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'Heart Of A Soldier': An Opera At The Heart Of Sept. 11

A shot from the dress rehearsal of <em>Heart of a Soldier</em>, which opens Saturday in San Francisco.
Corey Weaver
A shot from the dress rehearsal of Heart of a Soldier, which opens Saturday in San Francisco.

A man saves thousands from a burning building, then goes back in to make sure he got everyone out. He dies, leaving behind the great love of his life.

It might sound too dramatic to be true, but it happened 10 years ago Sunday at the World Trade Center in New York. Journalist James Stewart's book about that man, Heart of a Soldier, is the subject of a new opera, premiering Saturday in San Francisco.

After the twin towers fell, Stewart was reporting about Wall Street for The New Yorker when he learned that Morgan Stanley, one of the firms with offices in the towers, had almost no casualties.

"That just kind of lodged in my mind as an oddity," Stewart says, "because so many other firms were either completely wiped out, nearly wiped out, horrible losses."

Stewart started asking around to find out why Morgan Stanley had been an exception.

"Someone finally said, 'I think it was because there was this one guy who was in charge of security there who defied the order to stay in the tower and got everyone out,'" he says.

That guy was Rick Rescorla, a Vietnam veteran with a long history of heroic deeds.

The deeper Stewart dug, the more incredible and sad Rescorla's story became. After a failed marriage, Rescorla had found the love of his life, Susan Greer, who was also in her 50s and divorced when they met.

"We could be in the car holding hands. It would be the most wonderful thing in the world," Greer-Rescorla says. "It was the most happiest wonderful time. I don't know, it was — it was just amazing to have someone who you're both just so in love with each other. I felt like I had a new chance in life."

Love and duty would eventually face off when terrorists flew two planes into the World Trade Center. As head of security at Morgan Stanley, Rescorla evacuated some 2,700 employees from the south tower and then went back up to make sure no one was left behind.

"Rick had decided that there was something more important in life than even those great loves of his life," says Stewart. "And that was to save others that were in his care."

Opera director Francesca Zambello was struggling with how to confront the tragedies of Sept. 11 as an artist when she picked up Stewart's book.

"And I was immediately taken by the story — that it had all the elements that one thinks of when you think of in quotes, grand opera," she says. "It had huge themes of passion and bravery and courage and also at the core of it, something that you can't have any theater piece without, which is love stories."

The opera, named after the book, begins with Rescorla's childhood in Britain, where he befriended American soldiers on their way to Normandy during World War II. Composer Christopher Theofanidis says Rescorla struggled with seeing his new friends go off to war.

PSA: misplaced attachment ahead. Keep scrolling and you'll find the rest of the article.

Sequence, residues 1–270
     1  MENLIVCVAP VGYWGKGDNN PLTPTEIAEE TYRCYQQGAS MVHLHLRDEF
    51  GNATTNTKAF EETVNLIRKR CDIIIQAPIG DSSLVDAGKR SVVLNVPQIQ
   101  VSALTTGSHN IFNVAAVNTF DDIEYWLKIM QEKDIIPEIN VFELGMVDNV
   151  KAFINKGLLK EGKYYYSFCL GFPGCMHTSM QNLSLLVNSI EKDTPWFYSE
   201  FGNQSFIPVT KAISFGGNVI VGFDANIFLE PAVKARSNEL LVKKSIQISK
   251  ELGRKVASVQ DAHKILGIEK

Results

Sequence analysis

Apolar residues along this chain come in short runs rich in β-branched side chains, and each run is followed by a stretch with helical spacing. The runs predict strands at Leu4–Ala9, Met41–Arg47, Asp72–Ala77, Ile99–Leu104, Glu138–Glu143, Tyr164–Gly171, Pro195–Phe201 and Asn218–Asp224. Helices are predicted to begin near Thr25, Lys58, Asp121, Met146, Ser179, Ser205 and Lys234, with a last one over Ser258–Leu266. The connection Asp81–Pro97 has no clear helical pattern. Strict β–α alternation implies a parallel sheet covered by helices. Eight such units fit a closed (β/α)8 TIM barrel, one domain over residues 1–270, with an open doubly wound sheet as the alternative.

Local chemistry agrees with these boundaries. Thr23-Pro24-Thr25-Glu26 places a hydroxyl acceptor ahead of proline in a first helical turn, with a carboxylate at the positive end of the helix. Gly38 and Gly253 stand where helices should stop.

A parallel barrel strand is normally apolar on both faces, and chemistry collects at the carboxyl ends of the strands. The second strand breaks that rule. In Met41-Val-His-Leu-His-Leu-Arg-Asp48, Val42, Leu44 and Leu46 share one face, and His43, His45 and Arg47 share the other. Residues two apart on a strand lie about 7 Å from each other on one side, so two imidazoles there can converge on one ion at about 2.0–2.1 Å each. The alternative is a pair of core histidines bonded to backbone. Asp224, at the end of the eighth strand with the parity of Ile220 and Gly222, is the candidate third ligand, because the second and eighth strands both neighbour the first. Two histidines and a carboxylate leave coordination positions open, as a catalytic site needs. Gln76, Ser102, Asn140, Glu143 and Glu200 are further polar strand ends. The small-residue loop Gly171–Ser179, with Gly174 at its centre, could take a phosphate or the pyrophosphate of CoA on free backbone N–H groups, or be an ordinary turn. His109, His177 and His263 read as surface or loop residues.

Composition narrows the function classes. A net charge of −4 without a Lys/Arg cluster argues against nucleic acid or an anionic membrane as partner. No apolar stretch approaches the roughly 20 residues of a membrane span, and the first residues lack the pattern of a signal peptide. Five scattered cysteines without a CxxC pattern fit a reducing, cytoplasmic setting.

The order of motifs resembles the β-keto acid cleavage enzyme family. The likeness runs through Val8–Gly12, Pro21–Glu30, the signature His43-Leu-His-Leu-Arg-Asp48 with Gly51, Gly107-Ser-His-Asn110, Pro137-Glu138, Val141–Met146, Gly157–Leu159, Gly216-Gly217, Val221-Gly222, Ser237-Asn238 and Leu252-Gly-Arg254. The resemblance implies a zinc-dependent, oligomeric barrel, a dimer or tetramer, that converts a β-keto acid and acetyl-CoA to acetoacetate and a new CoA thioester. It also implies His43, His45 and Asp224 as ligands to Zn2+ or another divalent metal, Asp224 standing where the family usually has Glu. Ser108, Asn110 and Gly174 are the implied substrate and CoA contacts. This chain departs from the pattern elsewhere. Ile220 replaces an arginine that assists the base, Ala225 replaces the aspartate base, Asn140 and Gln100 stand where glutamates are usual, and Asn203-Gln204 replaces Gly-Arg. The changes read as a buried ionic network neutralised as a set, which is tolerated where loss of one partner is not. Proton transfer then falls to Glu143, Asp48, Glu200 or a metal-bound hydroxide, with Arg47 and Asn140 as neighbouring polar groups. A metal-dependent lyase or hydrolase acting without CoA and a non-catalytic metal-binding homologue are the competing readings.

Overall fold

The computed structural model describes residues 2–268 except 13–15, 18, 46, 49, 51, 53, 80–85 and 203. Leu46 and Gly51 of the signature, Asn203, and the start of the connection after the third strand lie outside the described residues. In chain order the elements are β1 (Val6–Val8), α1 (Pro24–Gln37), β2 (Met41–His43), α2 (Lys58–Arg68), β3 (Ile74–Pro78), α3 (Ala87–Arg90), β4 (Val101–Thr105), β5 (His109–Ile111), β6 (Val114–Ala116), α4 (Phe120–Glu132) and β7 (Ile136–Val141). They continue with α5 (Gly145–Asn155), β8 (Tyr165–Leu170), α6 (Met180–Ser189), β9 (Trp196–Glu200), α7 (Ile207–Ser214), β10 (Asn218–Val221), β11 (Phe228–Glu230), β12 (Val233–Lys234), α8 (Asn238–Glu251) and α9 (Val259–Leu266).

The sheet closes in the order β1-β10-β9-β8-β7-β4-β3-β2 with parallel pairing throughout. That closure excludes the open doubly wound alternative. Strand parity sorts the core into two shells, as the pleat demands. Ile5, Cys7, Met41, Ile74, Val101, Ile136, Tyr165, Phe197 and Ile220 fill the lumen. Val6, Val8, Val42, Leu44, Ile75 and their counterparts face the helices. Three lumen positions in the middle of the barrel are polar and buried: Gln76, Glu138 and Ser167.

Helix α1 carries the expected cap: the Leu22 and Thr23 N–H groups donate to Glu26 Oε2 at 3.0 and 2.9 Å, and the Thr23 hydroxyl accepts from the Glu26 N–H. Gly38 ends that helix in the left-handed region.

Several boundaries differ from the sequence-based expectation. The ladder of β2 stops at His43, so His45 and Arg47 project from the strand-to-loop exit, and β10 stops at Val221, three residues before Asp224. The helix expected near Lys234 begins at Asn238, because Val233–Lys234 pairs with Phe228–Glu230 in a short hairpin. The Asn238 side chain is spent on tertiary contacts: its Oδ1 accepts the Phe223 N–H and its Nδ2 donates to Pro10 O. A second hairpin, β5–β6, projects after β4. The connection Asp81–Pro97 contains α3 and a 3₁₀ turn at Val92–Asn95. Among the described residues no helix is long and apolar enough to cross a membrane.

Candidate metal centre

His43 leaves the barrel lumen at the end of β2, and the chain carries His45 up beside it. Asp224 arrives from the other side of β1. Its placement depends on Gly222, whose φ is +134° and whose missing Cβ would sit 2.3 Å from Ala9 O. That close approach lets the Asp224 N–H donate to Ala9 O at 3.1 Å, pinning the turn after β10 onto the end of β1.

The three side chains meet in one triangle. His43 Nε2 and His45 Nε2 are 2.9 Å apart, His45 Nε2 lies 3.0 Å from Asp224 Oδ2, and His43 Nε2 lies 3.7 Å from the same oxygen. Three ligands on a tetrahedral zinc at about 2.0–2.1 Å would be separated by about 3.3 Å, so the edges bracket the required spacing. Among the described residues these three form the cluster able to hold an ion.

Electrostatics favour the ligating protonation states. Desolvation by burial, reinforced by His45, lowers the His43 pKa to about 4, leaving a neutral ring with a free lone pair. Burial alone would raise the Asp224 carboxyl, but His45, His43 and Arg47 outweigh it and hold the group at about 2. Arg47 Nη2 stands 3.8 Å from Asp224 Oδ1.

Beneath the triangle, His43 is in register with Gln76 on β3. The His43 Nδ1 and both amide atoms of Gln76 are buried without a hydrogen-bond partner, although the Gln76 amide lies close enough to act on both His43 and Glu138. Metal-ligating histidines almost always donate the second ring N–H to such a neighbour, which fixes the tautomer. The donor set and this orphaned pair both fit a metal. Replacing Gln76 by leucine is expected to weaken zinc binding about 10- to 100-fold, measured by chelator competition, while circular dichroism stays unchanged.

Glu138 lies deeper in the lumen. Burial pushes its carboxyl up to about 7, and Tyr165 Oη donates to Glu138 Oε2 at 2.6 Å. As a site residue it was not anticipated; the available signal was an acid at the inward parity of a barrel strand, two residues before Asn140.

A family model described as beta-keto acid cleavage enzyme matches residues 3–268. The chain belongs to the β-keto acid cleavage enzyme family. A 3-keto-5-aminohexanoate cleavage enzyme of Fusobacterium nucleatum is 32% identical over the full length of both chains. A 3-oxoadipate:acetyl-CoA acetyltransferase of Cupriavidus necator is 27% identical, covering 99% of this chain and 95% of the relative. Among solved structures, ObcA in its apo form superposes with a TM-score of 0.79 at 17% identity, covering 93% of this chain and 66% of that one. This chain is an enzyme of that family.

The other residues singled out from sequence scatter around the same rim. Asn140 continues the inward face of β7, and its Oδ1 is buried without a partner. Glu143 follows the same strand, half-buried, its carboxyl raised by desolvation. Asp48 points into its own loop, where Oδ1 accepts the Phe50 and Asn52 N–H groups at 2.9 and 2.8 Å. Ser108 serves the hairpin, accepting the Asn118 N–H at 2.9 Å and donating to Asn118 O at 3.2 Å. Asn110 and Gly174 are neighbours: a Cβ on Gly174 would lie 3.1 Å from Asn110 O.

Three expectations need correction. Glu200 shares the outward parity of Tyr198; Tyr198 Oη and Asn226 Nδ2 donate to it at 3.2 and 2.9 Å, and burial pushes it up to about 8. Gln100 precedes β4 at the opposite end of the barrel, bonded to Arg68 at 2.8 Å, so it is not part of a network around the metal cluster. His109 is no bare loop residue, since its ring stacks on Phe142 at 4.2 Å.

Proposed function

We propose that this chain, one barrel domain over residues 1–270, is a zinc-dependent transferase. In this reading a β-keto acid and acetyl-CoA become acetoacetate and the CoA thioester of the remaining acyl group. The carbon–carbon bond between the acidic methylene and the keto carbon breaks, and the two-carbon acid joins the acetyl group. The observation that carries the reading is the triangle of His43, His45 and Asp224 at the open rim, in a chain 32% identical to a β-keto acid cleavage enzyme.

"Rick, as a little boy, learns his first lesson in soldiering which is training your heart to let go when you have to," Theofanidis says. "That's a part of being a soldier — and having the strength to get through that. And he says to the American GIs — he teaches them this song: 'Train your heart to not give out, though what's to come it cannot know.'"

As an adult, Rescorla served on the British colonial police force in Rhodesia. His character, played by Thomas Hampson, sings the same song. When the real Rescorla learned of the Vietnam War, he volunteered for service in the U.S. Army. The opera shows him as a caring platoon leader in the heat of battle as his men struggle under pressure.

Theofanidis says Rescorla also had a habit of teaching his troops to sing in battle. "One of the things I think he understood really strongly was that music and song unite people in a really strong way," he says. "He had taught his charges to sing to overcome their fear, their own sense of disorder."

Rescorla did the same thing with the employees of Morgan Stanley who were in his charge. When he trained them how to evacuate he told them to sing. And in the opera, when he helps them out of the burning tower, he has them sing the song he taught American GIs as a boy: 'Train your heart to not give out, though what's to come it cannot know.'

Rescorla's sacrifice is not the only tragedy in this story or this opera. Director Zambello says the struggle between duty and love is the theme of many great dramas, and she was drawn to the way Greer-Rescorla had come to understand her husband — and train her heart.

"Her journey was to me what was interesting dramatically — to see that she comes to understand that," Zambello says. "And now I get it. I mean I get why he did it and why that heart of a soldier is different from us. I'm a mortal. He wasn't."

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Laura Sydell fell in love with the intimate storytelling qualities of radio, which combined her passion for theatre and writing with her addiction to news. Over her career she has covered politics, arts, media, religion, and entrepreneurship. Currently Sydell is the Digital Culture Correspondent for NPR's All Things Considered, Morning Edition, Weekend Edition, and